When most people think of road trips, it’s considered a representation of all things Americana: convertible tops down, hair flying in the wind between desert scenery and mountain backdrops. But you don’t have to fly to America to go on a vehicular adventure – there is plenty to see right here at home. From charming villages to awe-inspiring landscapes and small country roads, you’ll find that getting to your destination is half the fun.
Black Mountain Pass, Wales
The Black Mountains are on the west side of the Brecon Beacons National Park. The A4069 is a challenging drive with hairpin turns made famous by Jeremy Clarkson testing the AMG SLK along this route on Top Gear. It’s the perfect road trip for people who love to drive or who want to have spectacular views over the mountains and Swansea Bay.
Outer Hebrides, Scotland
A journey up to Barra means you can drive the whole Outer Hebrides – over 100 miles and two ferries to make the journey down this island chain. While it can be done in a day, you’ll want to take your time appreciating the windswept cliffs, beautiful beaches, and prominent Hebridian hospitality. Every island has its own feeling and scenery: the Uists are great for bird watching, Lewis and Harris are hilly, while Benebecula you’ll find long beaches the unfortunately named Stinky Bay.
Dartmoor Circular, England
Driving through Dartmoor offers some of England’s best views – and the place is dotted with pubs, campsites, and country walks. Start in Mill End where the town is a designated Conservation Area through the High Moorlands in Princetown, stop for a picnic in Tavistock and go for a dip at Lydford Gorge.
Giant’s Causeway, Northern Ireland
The coastal roads around Northern Ireland seem to have been made for exploring by car. From Belfast head up the Antrim Coast Road to see the nine glens of Antrim – named one of the most scenic drives in the world by National Geographic. The Giant’s Causeway trip allows to stop at the Glenariff Forest Park, see the rugged cliffs or Torr Head, and stay in cottages or campsites along the way. Explore the ancient seat of the kings of Ulster before heading east to the Mountains of Mourne and back to Belfast to head home.
Cheddar Gorge, England
A trip to Cheddar Gorge is a great way to see the West Country without heading too far into the countryside. This is a road trip that will allow you to see a few qualities of the country that are distinctively English: Cheddar Gorge has unique local cider and limestone cliffs, it’s close to Bristol, one of England’s most vibrant cities, and it’s not too far from the coast either. You can go from city life to farm vehicles in just one road – just one thing that makes this journey so interesting.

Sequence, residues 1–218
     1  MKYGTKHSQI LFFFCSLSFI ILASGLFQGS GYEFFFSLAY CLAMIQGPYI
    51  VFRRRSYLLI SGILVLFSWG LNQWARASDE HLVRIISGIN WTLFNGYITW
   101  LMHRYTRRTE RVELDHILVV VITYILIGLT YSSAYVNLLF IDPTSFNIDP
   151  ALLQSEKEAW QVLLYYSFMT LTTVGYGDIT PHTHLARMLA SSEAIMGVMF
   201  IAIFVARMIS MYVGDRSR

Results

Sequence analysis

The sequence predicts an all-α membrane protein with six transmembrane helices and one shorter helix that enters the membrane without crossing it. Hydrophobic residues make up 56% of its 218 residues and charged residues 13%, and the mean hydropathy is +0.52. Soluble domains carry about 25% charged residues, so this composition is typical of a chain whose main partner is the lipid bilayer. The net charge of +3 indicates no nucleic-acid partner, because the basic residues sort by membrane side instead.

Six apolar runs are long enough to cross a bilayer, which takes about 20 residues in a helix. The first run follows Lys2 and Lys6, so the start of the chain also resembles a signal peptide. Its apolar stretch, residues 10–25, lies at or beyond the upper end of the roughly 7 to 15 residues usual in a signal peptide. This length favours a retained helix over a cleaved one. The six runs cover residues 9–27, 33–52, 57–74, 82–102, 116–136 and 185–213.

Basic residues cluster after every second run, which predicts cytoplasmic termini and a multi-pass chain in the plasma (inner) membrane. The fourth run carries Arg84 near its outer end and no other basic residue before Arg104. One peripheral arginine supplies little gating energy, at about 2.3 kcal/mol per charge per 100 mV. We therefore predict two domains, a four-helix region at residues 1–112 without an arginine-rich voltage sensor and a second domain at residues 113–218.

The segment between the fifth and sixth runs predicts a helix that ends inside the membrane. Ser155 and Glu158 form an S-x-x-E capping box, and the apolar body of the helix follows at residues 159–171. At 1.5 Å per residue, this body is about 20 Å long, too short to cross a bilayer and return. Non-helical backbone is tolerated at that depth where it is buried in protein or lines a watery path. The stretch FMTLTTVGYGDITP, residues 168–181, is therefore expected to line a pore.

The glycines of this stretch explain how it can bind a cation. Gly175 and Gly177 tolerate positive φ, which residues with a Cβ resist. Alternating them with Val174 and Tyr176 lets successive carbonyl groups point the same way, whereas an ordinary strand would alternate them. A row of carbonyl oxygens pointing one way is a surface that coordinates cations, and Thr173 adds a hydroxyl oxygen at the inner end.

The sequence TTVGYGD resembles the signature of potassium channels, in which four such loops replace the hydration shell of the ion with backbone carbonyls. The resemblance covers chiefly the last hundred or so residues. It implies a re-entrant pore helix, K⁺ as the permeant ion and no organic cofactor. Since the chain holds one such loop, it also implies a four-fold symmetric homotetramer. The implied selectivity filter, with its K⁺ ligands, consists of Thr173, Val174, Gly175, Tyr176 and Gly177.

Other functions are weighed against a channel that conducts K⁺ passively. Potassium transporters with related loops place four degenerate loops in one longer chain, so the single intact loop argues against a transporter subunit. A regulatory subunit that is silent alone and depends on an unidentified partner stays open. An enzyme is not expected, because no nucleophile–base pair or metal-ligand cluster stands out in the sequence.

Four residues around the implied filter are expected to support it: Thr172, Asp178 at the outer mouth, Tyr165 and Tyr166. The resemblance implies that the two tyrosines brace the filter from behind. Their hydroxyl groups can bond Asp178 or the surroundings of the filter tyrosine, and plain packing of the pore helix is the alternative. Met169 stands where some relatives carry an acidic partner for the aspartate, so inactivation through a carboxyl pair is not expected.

Invergarry to Isle of Skye, Scotland
This driving route takes you up to the Scottish highlands down the A87 to the Isle of Skye. Sweeping mountains lined with lambs, homely bed and breakfasts, and maybe even a little summer snow will take your breath away. You can taste whiskey at Scotland’s best distilleries like Glenfiddich and Danwhinnie along the way, just schedule it for the end of your driving day.
Planning Your Road Trip
Hitting the open road can be a challenging (but rewarding!) experience. Here are a few things to keep in mind as you plan.
- Ensure you have good breakdown cover. If you’ll be spending a few days or more on the road, you don’t want to get stuck on the side of the road – especially if you’re doing a more remote trip!
- Listen for travel updates. Getting stuck in traffic goes against that feeling of being on the open road but sometimes it’s inevitable. If you’re heading up the Scottish highlands, listen out for weather updates – sometimes the roads can freeze.
- Carry water and a safety kit. On the off-chance you do breakdown, a first aid kit, tyre inflators, extra blankets, torches, batteries, and non-perishable snacks in the boot will mean that you are prepared.
- Get plenty of rest. If you’re tired, just take a break. Remember that you have people’s lives in your hands, and that is more important than making it to the next hotel in time for check in.
- Bring a road map. It’s easy to forget to bring one of these in our age of GPS and Google Maps, but you might run out of battery or be on a route that is covered by these apps. A trusted road map is very useful for rural driving and noting campsites and parks.